By Taylor Haelterman
Residents worry a lack of environmental education threatens Michigan’s defining feature, the Great Lakes, according to a recent study.
Focus groups from both peninsulas identified environmental threats for coastal communities and called for education on how to be better stewards of the Great Lakes, according to the study published in the Journal of Great Lakes Research.
Concerns varied by lake, but the two most common themes were rising water levels and lack of environmental education. Those surveyed also listed beach erosion, pollution, public access, invasive species and lake user’s safety as concerns, said Kenneth Levine an author of the study and adjunct professor in the Michigan State University communications department.
Lake Erie and Lake Ontario coastal communities were not a part of the study.
“The Lake Huron people were most concerned about pollution,” Levine said. “The Lake Michigan people were most concerned about erosion. And the Lake Superior people were worried about keeping the waters useful.”
And they all want to see these issues addressed.
The focus groups concluded the best way to solve many of the environmental problems they face is through education and stewardship, Levine said.
Stewardship is taking care of something that’s important to you, said Mary Whitmore, the executive director of the Great Lakes Stewardship Initiative.
The initiative works with K-12 teachers and communities to educate students on environmental stewardship. It uses place-based education which involves learning through participation in community service projects and immersing students in the local environment, Whitmore said.
Anyone can be a better steward through small actions like making art to raise awareness, volunteering in their community, landscaping their lawn differently and even feeding birds, Whitmore said.
“These things all just sound like trivial things that aren’t going to make a big difference, but it’s going to forge a connection between you and your place.” she said. “It’s going to forge a sense of caring for your place, and when you care about something you pay attention to it and you take action to protect it.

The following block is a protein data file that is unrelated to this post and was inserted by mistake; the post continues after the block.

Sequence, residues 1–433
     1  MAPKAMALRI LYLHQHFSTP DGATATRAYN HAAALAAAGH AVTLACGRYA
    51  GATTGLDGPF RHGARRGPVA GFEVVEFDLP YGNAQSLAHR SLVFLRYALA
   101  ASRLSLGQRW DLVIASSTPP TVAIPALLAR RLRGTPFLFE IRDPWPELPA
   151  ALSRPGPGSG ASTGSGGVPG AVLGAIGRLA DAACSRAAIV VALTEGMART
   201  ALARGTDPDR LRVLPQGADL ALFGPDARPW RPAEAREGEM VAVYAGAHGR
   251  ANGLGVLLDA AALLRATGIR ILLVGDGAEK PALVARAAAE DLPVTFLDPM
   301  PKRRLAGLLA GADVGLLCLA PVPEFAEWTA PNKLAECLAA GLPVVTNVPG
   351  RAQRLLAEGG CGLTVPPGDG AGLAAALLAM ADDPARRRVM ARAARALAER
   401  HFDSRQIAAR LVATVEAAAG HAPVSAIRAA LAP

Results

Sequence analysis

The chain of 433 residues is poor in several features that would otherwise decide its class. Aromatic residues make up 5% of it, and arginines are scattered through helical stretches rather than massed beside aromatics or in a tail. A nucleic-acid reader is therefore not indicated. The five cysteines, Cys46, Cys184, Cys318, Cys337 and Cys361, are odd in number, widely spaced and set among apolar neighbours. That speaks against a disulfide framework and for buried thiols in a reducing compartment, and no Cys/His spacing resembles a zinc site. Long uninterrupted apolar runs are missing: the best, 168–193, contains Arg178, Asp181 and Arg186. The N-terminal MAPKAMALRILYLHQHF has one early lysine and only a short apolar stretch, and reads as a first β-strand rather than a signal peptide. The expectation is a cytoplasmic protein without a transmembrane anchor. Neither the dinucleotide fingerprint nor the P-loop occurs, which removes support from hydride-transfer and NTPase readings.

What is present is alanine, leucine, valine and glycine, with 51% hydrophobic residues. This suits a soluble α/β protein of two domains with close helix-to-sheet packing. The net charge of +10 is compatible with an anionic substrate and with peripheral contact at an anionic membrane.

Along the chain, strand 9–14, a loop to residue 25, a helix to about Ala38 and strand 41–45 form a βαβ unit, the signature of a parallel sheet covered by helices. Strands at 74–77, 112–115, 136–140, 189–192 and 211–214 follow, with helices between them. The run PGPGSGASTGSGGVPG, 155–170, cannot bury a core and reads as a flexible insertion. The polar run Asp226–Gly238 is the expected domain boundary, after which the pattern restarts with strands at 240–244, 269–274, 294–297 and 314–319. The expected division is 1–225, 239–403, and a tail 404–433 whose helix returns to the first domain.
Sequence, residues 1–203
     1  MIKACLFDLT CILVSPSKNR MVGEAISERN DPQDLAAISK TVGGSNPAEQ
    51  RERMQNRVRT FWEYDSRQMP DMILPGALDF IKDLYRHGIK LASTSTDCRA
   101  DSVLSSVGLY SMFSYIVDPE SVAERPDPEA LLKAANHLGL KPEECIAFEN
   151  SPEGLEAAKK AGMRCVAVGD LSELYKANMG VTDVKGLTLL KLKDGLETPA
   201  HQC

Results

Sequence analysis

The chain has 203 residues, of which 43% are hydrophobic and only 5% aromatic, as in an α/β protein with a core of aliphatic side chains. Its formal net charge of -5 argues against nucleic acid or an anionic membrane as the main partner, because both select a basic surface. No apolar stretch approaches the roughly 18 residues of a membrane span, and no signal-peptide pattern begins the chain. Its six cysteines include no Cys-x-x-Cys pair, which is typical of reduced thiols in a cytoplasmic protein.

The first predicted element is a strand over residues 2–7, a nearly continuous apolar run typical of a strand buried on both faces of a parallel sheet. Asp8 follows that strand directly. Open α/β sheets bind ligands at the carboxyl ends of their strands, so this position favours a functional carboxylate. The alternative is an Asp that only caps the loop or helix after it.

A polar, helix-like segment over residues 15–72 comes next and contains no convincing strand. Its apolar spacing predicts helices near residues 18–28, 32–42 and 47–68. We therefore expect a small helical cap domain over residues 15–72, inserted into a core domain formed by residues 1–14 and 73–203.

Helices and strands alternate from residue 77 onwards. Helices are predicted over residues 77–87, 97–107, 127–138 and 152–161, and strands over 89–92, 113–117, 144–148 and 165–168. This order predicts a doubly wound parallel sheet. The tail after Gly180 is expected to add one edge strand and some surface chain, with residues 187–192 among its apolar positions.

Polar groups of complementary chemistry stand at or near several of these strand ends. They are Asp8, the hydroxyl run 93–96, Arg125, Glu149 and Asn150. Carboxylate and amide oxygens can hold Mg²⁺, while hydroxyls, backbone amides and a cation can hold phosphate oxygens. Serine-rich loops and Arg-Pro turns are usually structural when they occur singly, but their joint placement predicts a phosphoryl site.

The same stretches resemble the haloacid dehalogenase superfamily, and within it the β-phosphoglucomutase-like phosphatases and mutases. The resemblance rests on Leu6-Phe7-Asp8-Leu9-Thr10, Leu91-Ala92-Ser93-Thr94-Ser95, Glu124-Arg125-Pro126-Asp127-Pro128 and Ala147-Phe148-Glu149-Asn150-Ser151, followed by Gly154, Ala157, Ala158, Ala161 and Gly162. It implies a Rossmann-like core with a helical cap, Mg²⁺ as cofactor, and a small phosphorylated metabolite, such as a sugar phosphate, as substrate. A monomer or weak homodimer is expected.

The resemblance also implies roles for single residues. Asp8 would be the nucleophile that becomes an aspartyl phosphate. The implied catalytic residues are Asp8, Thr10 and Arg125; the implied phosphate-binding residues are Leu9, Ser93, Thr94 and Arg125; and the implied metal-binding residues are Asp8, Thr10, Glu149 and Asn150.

“That’s really what stewardship is—just taking care of stuff.”
Some ideas the focus groups identified to promote stewardship in public education were inviting guest speakers to talk about stewardship, teaching students about invasive species and how to properly dig up invasive plants and offering field trips, Levine said.
They also brainstormed ways to teach tourists about stewardship such as playing informational videos in hotels, and distributing brochures or signs reminding people to throw away trash and treat their surrounding with respect.
“We didn’t talk to many tourists but they’re just as important an audience,” he said. “We want them to enjoy it, have a wonderful time, come back but also not do any damage while they’re here.”
The participants’ focus was on ensuring that the education and outreach is ongoing.
“We can’t get the message out once and be done,” Levine said. “These are ongoing concerns and they’re not necessarily going to go away.”
The study gathered information for a potential messaging campaign to persuade Great Lakes residents and visitors to be better coastline stewards. It was funded by the Michigan Coastal Zone Management Program, which works to protect public health through the environment, according to the study.
The goal of a messaging campaign is to create things like billboards and public service announcements that raise awareness of issues and change people’s opinions or behaviors, Levine said.
“Our lakes define us,” is the potential tag line for the campaign.
“The idea (is) that as a state we are really integrated with the lakes in ways that other states can’t necessarily relate,” Levine said.
“It’s really important that we become good stewards of our coastline because we have 3,288 miles of it, and it really impacts the quality of life here in Michigan.”